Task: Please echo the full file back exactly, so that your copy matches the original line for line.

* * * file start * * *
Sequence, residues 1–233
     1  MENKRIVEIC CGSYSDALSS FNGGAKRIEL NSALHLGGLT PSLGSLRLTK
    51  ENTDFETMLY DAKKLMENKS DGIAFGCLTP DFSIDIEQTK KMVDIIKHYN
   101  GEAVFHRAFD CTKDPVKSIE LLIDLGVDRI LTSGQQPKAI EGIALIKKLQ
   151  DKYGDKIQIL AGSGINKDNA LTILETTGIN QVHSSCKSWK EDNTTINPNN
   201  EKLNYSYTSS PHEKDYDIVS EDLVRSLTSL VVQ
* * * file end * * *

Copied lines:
Sequence, residues 1–233
     1  MENKRIVEIC CGSYSDALSS FNGGAKRIEL NSALHLGGLT PSLGSLRLTK
    51  ENTDFETMLY DAKKLMENKS DGIAFGCLTP DFSIDIEQTK KMVDIIKHYN
   101  GEAVFHRAFD CTKDPVKSIE LLIDLGVDRI LTSGQQPKAI EGIALIKKLQ
   151  DKYGDKIQIL AGSGINKDNA LTILETTGIN QVHSSCKSWK EDNTTINPNN
   201  EKLNYSYTSS PHEKDYDIVS EDLVRSLTSL VVQ